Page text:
Graphic novels make for compelling reads. And a book on the Mahatma is no exception.
Who was Mohandas Karamchand Gandhi? Today, we know him as the Mahatma, the Father of Our Nation. We remember his memorable quotes and read textbook passages on his greatness. Watchwords like Satyagraha, Ahimsa and Swaraaj surround and complete the picture of a man we’ve been taught to love, respect, remember. But do we know who he really was? Before he became a symbol, a saint, Mahatma Gandhi was a human being; a man who lived by example, a man’s story who can, even today, inspire and encourage. Perhaps this is the biggest purpose of Campfire’s graphic novel, Gandhi: My life is my message. Written by Jason Quinn and illustrated by Sachin Nagar, Gandhi:... brings to life a journey that is surprisingly humble, and immensely humbling.
A story told
Gandhi’s life feels rich, colourful and aptly contained in the graphic format. The illustrations, gentle and easy with light, sure strokes, feel perfectly suited to paint the portrait of a life that was at once both gentle and firm. The dialogues could have easily become stilted and out of place but are instead in complete and easy harmony with the story. The language, simple and effortless, makes the book an accessible, easy read.
Quinn’s careful and detailed research is apparent, peppering the book with previously unheard of anecdotes. Gandhi’s early mistakes, his follies and his uncertain experiments with his identity and nationality are laid out in the 200 page long biography. We read of Gandhi as a boy, eating his first, unwilling morsel of meat, influenced by peer pressure and friends. We see his reluctance to accept and internalise the caste system, and his loving, kind nursing of his invalid father. We see Gandhi transform from a shy lawyer who lands in Southampton wearing the wrong clothes and surviving on boiled cabbage to a national leader who could motivate and inspire millions.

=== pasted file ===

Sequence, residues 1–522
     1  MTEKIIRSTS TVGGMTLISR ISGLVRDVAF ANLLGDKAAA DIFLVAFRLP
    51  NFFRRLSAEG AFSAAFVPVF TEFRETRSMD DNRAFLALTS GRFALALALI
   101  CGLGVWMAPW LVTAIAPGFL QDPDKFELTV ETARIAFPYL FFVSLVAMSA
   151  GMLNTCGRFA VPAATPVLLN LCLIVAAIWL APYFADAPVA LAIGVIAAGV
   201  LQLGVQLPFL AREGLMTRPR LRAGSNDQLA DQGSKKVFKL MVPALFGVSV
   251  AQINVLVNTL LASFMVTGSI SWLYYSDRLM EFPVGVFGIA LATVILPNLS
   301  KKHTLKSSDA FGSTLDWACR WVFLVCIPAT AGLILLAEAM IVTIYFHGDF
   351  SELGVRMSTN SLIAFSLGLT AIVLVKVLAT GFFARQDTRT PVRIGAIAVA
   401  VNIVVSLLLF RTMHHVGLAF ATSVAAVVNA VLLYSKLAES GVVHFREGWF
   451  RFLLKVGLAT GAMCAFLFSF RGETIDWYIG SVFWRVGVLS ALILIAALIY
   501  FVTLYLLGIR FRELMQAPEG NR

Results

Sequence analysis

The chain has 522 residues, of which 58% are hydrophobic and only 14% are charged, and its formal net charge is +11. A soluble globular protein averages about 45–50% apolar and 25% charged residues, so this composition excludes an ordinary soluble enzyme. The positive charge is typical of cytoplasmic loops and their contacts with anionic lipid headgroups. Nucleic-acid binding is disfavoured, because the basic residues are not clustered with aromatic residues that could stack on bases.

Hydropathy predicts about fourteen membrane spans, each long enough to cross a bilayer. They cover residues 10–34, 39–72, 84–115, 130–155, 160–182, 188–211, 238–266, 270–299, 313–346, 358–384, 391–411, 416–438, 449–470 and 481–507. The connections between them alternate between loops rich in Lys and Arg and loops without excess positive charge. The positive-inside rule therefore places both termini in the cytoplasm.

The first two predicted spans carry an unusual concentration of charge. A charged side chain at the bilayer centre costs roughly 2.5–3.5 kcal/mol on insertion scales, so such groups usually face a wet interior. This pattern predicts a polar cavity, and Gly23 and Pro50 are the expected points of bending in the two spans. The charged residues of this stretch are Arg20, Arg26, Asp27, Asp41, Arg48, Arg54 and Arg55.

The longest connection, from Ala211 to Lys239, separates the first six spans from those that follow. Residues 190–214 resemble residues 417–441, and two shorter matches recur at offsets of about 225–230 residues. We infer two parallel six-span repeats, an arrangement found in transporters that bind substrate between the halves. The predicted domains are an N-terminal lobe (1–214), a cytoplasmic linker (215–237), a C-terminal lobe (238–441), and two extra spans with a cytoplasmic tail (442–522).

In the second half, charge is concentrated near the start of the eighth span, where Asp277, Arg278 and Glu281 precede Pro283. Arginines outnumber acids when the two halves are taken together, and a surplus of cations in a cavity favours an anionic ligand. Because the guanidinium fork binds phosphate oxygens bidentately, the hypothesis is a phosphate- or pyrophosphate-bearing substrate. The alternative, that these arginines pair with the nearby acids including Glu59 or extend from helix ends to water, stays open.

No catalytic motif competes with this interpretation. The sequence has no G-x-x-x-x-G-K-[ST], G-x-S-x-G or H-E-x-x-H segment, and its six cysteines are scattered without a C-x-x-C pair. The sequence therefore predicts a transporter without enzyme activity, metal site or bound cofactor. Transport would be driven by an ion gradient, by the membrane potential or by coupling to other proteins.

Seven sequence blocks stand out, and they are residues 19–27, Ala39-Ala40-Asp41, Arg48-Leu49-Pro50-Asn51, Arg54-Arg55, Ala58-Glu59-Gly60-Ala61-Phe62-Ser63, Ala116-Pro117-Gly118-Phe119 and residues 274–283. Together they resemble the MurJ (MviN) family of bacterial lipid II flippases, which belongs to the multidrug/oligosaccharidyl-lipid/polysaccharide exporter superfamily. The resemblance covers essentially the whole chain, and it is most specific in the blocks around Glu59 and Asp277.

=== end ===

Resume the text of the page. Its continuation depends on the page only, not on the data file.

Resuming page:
Usually taught as concepts and ideas, it’s interesting to see when and how the seeds of Ahimsa, Satyagraha and Swaraaj were planted in the Mahatma’s mind, and easier to understand his motivations and actions, explained not through dry facts but illustrated panels.
Perhaps one of the most interesting aspects of the book is the section that details Gandhi’s time in South Africa. Usually skimmed over, this transformative period in Gandhi’s life is covered in careful detail, complete with his own awakening to the ideals that would stay with him for the rest of his life. We see how Gandhi, before Durban, South Africa, was only a shadow of the self he would become.
Small incidences, usually ignored by textbooks, are painted in full colour and detail in the book, and Gandhi’s encounter with indentured slavery, his first real public speech to the Indian community in Pretoria give the readers and insight into making of a Mahatma.
With no long passages dedicated to eulogising his greatness, the book becomes a personification of Gandhi’s own quote— “my life is my message”.
Though a factual, anecdotal account of his life from his birth in Porbandar on October 2, 1869 to his assassination on January 30, 1948, this book, by laying out Gandhi’s life in images, colours and conversations, manages to impart the wisdom, honesty and courage that symbolised and immortalised the Mahatma.
GANDHI: MY LIFE IS MY MESSAGE by Jason Quinn and illustrated by Sachin Nagar, Campfire, Rs. 399